VaYishlach: Where Was Rivka?

December 04, 2020 By: Rabbi Jay Kelman
One of the fascinating (and, at times, frustrating) aspects of the Torah is how much information it does not tell us. We know nothing of Abraham’s first 75 years, are left in the dark regarding most of Moshe’s first 80 years and so many of the laws of the Torah are written in a way that is somewhere between obscure and incomprehensible. Of course, this is intentional; and analyzing what makes it into the text and why, and what does...
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VaYishlach: The Unsung Hero

December 13, 2019 By: Rabbi Jay Kelman
How common it is for people to return from a funeral and realize how little they knew about the deceased. All too often, it is only after a person’s death that one realizes the tremendous contributions made by the deceased. Alas, at that point, it is too late and we soon tend to return to our daily activities. “And Devorah, Rivka’s wet-nurse, died and she was buried below Beit-El under the oak, and he [Yaakov] called its name...
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VaYishlach: Alone at Night

November 23, 2018 By: Rabbi Jay Kelman
“Therefore, the Jewish people will not eat the gid hanasheh, sciatic nerve, that is on the hip joint, to this day” (Breisheet 32:33).  Sefer Breisheet provides much information on how not to act; we read about every kind of social dysfunction—be it drinking, sibling rivalry, jealousy, greed or more violent crimes such as robbery, kidnapping, rape, incest and murder. Unfortunately, many of the...
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VaYishlach: Do Not Fear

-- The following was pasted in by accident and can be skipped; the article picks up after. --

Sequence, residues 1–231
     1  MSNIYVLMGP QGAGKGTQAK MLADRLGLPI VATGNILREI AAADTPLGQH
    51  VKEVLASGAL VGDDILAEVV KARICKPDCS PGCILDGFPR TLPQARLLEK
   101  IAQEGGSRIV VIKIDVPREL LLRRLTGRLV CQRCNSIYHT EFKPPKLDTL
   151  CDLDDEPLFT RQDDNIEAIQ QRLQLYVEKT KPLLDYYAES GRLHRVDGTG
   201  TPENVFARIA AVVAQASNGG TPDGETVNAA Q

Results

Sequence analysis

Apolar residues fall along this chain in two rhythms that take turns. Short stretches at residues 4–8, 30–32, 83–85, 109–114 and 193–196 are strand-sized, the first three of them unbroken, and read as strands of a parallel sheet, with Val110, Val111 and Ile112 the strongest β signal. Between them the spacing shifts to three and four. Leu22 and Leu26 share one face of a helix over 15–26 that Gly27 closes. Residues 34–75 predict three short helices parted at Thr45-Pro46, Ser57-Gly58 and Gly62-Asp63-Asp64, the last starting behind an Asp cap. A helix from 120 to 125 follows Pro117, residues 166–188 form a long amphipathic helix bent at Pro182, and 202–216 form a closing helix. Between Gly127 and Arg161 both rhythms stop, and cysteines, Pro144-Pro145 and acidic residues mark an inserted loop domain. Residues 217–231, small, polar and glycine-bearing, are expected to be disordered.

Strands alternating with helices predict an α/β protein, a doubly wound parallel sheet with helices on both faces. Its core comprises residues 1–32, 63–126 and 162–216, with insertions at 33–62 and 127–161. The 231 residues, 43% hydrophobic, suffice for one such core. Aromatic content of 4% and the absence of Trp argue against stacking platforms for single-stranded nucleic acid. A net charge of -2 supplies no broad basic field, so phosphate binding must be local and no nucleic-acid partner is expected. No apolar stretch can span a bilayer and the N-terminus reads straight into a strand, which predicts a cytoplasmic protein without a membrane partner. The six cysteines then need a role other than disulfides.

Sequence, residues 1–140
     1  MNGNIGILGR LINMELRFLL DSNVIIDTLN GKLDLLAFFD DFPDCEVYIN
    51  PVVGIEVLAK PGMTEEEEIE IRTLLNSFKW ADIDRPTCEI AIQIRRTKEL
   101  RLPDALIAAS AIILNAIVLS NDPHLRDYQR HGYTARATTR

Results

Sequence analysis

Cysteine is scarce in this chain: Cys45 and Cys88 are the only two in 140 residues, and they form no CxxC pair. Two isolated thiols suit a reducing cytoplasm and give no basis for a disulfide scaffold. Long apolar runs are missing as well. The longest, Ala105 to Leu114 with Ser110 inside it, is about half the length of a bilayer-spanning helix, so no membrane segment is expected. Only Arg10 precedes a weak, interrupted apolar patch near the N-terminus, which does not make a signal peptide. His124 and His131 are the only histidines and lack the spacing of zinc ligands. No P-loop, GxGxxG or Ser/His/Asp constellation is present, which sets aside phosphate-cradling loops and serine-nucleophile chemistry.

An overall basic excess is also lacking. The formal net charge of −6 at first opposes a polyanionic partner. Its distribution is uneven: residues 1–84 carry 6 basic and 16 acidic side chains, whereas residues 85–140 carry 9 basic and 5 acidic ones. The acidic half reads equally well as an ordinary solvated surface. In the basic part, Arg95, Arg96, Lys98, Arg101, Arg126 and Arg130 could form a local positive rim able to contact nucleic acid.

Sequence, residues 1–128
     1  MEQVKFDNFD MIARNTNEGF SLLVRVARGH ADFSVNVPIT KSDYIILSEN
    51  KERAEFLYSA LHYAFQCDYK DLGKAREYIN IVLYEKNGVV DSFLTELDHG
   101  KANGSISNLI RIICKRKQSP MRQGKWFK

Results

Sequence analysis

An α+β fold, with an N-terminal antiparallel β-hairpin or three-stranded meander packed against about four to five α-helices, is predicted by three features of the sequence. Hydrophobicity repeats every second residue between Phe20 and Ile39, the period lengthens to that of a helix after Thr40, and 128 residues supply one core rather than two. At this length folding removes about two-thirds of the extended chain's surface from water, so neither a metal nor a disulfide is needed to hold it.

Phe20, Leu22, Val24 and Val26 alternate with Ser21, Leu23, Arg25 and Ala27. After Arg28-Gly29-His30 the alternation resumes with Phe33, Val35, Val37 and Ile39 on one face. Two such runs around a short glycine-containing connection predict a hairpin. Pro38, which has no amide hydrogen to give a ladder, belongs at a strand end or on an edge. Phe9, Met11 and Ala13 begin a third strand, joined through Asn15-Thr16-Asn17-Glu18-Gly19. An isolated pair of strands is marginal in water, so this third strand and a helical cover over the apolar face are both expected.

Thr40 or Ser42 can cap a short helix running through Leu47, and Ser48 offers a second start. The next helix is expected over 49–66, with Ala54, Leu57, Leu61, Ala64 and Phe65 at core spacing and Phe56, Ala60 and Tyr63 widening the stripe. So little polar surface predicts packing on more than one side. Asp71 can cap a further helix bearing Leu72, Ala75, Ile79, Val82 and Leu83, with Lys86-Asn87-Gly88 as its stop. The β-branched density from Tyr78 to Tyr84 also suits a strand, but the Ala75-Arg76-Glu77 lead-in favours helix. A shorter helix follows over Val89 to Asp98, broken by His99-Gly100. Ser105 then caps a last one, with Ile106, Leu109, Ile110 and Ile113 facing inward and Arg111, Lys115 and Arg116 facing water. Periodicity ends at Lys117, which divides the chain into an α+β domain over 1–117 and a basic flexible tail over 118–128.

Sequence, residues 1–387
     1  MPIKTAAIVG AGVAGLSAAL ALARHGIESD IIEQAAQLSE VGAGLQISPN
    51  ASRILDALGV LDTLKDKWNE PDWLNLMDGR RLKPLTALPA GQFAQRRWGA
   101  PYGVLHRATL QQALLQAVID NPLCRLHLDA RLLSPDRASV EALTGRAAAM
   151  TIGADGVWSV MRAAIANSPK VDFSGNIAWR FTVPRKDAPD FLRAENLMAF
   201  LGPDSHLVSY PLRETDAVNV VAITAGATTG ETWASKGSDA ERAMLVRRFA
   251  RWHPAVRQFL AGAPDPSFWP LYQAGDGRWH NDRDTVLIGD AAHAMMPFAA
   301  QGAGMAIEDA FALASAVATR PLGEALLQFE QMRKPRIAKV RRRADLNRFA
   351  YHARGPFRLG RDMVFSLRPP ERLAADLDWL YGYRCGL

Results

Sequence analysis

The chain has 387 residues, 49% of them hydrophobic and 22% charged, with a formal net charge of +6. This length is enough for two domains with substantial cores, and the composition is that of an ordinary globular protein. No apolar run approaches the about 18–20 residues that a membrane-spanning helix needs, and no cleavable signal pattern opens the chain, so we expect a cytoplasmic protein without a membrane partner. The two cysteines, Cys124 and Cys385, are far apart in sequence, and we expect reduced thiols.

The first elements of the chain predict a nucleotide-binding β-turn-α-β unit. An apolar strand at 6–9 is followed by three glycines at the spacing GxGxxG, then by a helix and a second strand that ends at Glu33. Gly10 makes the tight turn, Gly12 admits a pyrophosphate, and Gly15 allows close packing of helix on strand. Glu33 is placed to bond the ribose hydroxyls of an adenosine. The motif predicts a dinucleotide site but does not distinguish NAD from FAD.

December 15, 2016 By: Rabbi Jay Kelman
"Jacob was very frightened and distressed" (Breisheet 32:8). Hearing that his brother was approaching with an army of 400 men, Yaakov was terrified and prepared for the worst. "If Eisav comes and defeats one camp, at least the other camp will survive". However, Yaakov's fear seems misplaced. While Eisav had threatened to kill his brother, he had planned to carry out the threat only after his father's death: "The...
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Vayishlach: Jacob, the Lonely Man of Faith

November 30, 2012 By: Rabbi Jay Kelman
Avraham Avinu is known as "ha'Ivri" as the world was on one side, and he was alone on the other. It is not easy challenging the ideas of society around you - and G-d understood that to be successful, Abraham would have to leave home and travel to a foreign land. While Abraham had to start anew, away from most of his family, he was not lonely. He had a loving wife, seemed to make friends easily, and was heavily involved with political leaders...
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